New ART regulations require feminist voices

Francine Coeytux, Marcy Darnovsky, Susan Berke Fogel, and Emily Galpern maintain that the development of new regulations about assisted reproductive technologies must include the voices of scholars who have studied women’s health issues, and advocates who have worked for policies and practices that safeguard women’s health and rights.


For more than a decade, Canadian regulation has explicitly countered commercialization of reproduction, prohibiting payment for surrogacy, sperm, or eggs as part of the Assisted Human Reproduction (AHR) Act of 2004. These policies are grounded in the view that preventing a market trading in reproduction as “goods and services” is fundamental to safeguarding the health, safety, and rights of gamete donors and surrogates.

Currently, Health Canada is in the process of developing additional regulations that were required but never created under the AHR Act. The department has published a consultation document to solicit input to the process. A number of Canadian women’s health scholars and advocates have submitted responses based on decades of involvement with assisted reproduction policy, women’s health research, and bioethics deliberations.

As the coordinators of an international Working Group committed to promoting public policies on assisted reproductive technologies (ART) that are consistent with social and reproductive justice, we have followed Canada’s policy process on assisted reproduction with great interest. We applaud Canada’s history of standing against reproductive commercialization and urge continued commitment to this position. In particular, we encourage Health Canada to incorporate the vital recommendations submitted by women’s health scholars and advocates, which centralize the safety, well-being, and interests of gamete donors and surrogates.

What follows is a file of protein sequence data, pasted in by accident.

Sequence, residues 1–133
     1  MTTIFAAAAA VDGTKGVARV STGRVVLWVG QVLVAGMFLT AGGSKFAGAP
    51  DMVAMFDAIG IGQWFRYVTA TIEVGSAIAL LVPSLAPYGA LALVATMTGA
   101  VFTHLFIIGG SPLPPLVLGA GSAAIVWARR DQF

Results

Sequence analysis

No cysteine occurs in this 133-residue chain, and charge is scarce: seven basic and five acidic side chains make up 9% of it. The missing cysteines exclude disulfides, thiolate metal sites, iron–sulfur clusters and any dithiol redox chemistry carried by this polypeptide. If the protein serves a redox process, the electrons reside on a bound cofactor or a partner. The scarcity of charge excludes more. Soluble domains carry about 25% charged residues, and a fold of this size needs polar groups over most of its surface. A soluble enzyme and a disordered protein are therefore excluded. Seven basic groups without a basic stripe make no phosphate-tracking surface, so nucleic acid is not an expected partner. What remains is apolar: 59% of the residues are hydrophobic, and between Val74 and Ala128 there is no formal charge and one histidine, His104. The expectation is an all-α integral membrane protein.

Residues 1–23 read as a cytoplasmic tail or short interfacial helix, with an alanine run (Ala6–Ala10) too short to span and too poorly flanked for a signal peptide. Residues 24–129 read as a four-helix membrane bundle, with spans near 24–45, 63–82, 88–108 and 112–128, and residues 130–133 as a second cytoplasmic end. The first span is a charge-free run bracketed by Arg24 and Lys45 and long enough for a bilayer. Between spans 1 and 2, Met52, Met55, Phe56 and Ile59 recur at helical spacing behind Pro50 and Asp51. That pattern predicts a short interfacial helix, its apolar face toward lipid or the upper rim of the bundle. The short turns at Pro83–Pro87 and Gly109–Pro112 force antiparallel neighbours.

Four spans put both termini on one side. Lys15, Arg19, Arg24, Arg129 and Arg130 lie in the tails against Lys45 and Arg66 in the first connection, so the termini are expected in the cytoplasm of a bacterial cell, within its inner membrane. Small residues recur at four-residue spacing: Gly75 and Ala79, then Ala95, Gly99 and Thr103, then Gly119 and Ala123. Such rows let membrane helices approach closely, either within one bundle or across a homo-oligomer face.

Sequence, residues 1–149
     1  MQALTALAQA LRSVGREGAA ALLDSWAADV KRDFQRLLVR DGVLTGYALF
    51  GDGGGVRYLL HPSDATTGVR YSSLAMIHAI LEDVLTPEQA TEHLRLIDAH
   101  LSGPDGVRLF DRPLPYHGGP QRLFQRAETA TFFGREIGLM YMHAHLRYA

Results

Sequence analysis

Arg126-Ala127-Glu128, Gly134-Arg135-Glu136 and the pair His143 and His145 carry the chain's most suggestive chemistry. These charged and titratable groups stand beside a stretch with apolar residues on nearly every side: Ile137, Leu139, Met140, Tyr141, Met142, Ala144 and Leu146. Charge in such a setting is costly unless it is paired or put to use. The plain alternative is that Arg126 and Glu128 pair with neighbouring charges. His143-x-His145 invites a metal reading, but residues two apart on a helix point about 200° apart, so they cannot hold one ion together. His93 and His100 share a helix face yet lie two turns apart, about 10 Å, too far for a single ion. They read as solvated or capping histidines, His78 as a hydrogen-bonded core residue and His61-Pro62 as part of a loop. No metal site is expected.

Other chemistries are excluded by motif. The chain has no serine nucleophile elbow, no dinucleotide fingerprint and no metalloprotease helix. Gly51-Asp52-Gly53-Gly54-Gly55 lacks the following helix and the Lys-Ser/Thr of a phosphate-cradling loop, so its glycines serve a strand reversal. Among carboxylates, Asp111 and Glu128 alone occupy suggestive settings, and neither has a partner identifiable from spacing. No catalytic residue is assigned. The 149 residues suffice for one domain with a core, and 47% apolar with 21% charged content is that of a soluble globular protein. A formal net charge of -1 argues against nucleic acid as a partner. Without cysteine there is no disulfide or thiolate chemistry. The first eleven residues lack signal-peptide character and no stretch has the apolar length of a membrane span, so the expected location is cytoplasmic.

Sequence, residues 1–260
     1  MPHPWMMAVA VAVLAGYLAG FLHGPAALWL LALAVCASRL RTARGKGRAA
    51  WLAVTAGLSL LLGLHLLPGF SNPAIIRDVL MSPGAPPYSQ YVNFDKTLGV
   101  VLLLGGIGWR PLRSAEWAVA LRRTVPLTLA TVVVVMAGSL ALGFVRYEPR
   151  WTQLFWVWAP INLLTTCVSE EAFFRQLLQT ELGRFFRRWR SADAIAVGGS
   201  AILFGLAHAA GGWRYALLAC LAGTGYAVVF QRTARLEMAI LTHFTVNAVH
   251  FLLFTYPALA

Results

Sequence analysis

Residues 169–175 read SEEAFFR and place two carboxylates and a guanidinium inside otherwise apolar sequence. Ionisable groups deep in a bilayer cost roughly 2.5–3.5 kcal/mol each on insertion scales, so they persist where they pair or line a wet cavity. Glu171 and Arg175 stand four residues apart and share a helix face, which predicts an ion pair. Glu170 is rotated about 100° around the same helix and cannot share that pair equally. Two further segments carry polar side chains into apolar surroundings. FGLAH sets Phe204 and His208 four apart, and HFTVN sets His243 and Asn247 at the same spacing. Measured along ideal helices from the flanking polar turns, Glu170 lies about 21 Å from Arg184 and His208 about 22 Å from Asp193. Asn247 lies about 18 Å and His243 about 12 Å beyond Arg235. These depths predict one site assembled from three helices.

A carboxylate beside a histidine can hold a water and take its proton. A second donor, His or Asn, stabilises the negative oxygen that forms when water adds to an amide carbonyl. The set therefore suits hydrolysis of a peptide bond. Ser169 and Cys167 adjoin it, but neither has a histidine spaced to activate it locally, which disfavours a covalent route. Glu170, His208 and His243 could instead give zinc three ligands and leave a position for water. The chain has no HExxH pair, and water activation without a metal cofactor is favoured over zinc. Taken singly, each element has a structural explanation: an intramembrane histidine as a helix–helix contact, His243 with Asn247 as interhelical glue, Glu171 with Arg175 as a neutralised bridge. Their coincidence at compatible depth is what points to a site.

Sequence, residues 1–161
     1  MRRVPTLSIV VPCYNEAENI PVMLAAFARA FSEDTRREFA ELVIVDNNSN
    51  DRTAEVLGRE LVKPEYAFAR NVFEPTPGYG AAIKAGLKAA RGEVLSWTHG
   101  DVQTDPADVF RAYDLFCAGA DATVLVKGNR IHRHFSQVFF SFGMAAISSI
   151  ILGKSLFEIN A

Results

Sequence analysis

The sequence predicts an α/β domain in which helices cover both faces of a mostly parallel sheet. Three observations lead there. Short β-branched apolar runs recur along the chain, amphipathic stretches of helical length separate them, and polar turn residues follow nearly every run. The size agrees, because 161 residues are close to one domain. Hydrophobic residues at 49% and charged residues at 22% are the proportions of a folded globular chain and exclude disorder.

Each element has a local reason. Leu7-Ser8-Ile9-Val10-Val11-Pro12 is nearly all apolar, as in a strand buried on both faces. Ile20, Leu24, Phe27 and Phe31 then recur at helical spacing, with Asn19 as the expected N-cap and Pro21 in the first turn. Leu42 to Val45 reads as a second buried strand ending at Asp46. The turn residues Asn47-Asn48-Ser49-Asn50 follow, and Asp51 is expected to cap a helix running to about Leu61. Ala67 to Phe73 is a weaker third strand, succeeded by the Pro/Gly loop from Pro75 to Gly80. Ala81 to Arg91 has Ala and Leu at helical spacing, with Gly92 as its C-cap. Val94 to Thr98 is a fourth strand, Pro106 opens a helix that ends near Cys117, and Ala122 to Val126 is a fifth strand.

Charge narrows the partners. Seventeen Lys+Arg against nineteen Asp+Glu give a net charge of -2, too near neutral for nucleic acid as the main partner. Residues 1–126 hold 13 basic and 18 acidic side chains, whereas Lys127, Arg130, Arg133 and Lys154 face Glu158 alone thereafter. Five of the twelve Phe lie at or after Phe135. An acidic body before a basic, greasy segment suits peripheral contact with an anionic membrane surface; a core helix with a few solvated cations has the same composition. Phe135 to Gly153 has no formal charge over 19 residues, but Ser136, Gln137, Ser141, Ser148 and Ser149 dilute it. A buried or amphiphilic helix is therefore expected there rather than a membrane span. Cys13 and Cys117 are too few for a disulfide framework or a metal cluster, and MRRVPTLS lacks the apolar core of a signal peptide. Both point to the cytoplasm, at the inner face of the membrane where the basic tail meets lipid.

Image Description: Areal view of the Women’s March in Washington D.C. (2017). Image shows a large crowed on the streets, many of whom are wearing pink hats. Photo Credit: Brian Allen.

In contrast to Canada’s history of non-commercialization of reproduction, the United States—where the four of us live and work—has a heavily commercialized ART environment. High payments to surrogates and egg donors with certain traits reinforce the commodification of women’s bodies and their eggs and wombs as “parts” and “services.” Marketing reproduction creates an environment focused on goods and services rather than on the health and safety of women who are hired to be surrogates or to provide eggs.

Despite growth in the ART industry worldwide over the last 40 years, very little research or regulation is focused on the women who make in vitro fertilization and surrogacy possible. Egg providers are routinely told that the retrieval procedures are safe, although there is a dearth of studies internationally on their long-term health consequences. Groups like We Are Egg Donors provide a forum for donors to share their stories, and have collected anecdotal reports of many women who experienced moderate to severe problems after undergoing egg retrieval, often related to the hormones taken as part of the ovarian stimulation process. Documentaries and increasing media coverage of commercial surrogacy illustrate the complexities of a surrogate’s relationship with intended parents, and the barriers surrogates face to being in charge of their own health and bodies during their “contracted” pregnancy.